Before you begin it is critically important that you test for each of these prerequisites and obtain them. For instance, getting partway into the process only to realize that you don't have the postgres user password and that no one can obtain it quickly means wasted time and disappointment, as well as the chance that the system may be down and require rolling back. Don't let this happen to you.
Make sure you have created a backup of the GroundWork Monitor installation using the provided backup tool. Download the latest version of the backup utility and make a full backup of your installed system, as described in the [Backup utility description].
|The latest version of the backup utility (gw-backup-br387-linux-64) includes several improvements to the backup process. Please follow the instructions in the before executing an upgrade.|
If any customizations have been applied, including additional scripts, plugins, etc., we recommend that for convenience you create a complete on-disk backup of /usr/local/groundwork directory, so that you can easily restore the files you added or changed. The installer will flag the files that are updated and that should be merged, but if you have the disk space available this step makes it easier to restore your customizations that the installer can't detect or anticipate. You should stop the GroundWork server and cron jobs, ensure you have adequate disk space, and make the copy like so (as root):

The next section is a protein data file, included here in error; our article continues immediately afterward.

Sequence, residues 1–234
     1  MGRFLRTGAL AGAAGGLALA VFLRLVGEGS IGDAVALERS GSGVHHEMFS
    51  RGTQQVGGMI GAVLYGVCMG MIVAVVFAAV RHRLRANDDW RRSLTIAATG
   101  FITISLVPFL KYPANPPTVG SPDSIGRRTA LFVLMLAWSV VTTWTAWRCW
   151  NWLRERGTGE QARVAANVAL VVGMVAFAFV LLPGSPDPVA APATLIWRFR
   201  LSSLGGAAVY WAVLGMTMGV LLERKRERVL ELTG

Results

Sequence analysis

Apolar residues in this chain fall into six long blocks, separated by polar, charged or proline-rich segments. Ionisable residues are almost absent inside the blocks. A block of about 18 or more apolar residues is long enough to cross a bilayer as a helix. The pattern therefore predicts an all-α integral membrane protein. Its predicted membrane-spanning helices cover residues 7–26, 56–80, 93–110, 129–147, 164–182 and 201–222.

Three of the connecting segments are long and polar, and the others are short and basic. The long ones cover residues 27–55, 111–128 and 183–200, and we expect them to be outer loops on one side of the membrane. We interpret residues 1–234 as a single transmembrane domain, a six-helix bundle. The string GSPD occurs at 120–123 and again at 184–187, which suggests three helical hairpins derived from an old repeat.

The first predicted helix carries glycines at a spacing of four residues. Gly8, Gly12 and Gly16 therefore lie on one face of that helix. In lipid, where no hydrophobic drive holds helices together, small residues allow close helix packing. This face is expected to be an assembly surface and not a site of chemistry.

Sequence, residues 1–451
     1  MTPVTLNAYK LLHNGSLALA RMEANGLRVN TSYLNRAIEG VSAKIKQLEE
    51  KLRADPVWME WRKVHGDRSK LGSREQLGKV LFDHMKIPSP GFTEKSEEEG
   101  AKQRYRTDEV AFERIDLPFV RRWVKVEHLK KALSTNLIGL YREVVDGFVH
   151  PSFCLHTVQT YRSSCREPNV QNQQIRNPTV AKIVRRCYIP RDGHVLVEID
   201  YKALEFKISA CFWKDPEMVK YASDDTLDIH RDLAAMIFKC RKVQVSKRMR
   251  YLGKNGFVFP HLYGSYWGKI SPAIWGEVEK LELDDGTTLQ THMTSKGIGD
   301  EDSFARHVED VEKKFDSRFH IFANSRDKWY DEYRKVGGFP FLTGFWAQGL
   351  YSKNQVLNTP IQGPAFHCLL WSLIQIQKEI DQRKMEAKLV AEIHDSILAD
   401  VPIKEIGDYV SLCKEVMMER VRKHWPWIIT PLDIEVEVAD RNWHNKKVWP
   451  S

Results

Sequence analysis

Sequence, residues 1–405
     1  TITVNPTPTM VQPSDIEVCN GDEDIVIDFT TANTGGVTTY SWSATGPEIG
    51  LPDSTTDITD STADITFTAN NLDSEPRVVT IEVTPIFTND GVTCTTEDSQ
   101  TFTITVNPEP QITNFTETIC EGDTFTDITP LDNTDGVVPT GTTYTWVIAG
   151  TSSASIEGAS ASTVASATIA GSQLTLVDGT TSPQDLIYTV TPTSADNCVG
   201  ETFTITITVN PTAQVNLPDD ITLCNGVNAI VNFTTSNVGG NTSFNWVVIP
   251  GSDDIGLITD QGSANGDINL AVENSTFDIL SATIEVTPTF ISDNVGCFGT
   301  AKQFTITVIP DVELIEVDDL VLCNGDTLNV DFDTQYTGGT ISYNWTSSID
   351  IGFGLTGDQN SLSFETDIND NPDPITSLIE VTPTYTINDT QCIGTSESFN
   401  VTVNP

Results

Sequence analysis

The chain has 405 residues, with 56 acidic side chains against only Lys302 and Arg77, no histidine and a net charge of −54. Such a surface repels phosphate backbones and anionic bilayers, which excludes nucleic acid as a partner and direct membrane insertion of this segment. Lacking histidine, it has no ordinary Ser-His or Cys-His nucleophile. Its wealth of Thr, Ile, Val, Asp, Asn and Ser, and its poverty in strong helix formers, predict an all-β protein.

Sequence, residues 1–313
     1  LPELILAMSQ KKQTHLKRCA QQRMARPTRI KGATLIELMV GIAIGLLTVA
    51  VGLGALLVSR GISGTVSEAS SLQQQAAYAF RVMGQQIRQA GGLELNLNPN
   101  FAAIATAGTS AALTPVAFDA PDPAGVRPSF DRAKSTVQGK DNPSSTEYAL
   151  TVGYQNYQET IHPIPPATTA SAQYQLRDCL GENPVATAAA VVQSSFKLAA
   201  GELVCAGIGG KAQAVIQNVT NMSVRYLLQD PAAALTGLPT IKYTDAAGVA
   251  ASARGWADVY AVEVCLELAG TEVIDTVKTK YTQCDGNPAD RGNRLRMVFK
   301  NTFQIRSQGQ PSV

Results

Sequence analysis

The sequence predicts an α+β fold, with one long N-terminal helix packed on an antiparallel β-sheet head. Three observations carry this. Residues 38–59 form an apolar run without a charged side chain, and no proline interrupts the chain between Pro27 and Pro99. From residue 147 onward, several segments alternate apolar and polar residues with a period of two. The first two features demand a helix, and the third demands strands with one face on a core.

Check for space available:
Check for space used by GroundWork:
Stop all GroundWork Processes and cron (called crond on some systems):
Copy the directory (in this example to /tmp/gwbackup):
Start the services again (note: you don't need all the services to be running for an upgrade to work, only postgresql):
From the command line run the following:
The result should not include any java libraries (.war, .jar, .ear) and configurations (.properties, .cfg). If any such files are found, change the user/owner to nagios.
If you are upgrading a Groundwork Installation that is installed on SLES you will need to run the following command, prior to running the installer, to verify that the postgres user is set up properly.
If you are using GDMA and the GroundWork server version 7.1.0 you are upgrading from is using HTTPS, you will need to re-set most of the settings for HTTPS after upgrade. You will then be able to use the later version of GDMA (2.5.0) supplied with 7.1.1, and to transition the potentially large numbers of older agents without service interruptions. However, as of 7.1.1, the default SSL configuration uses only TLS 1.2, and will not accept connections from older GDMA agents without adjustment.
Please see the post-upgrade tasks section below for details. Be sure to plan for this activity after the upgrade is complete. You will eventually want to transition your GDMA agents one-by-one to the later versions (GDMA 2.5.0 or later) and eventually enable only the more secure settings of GroundWork Monitor Enterprise 7.1.1.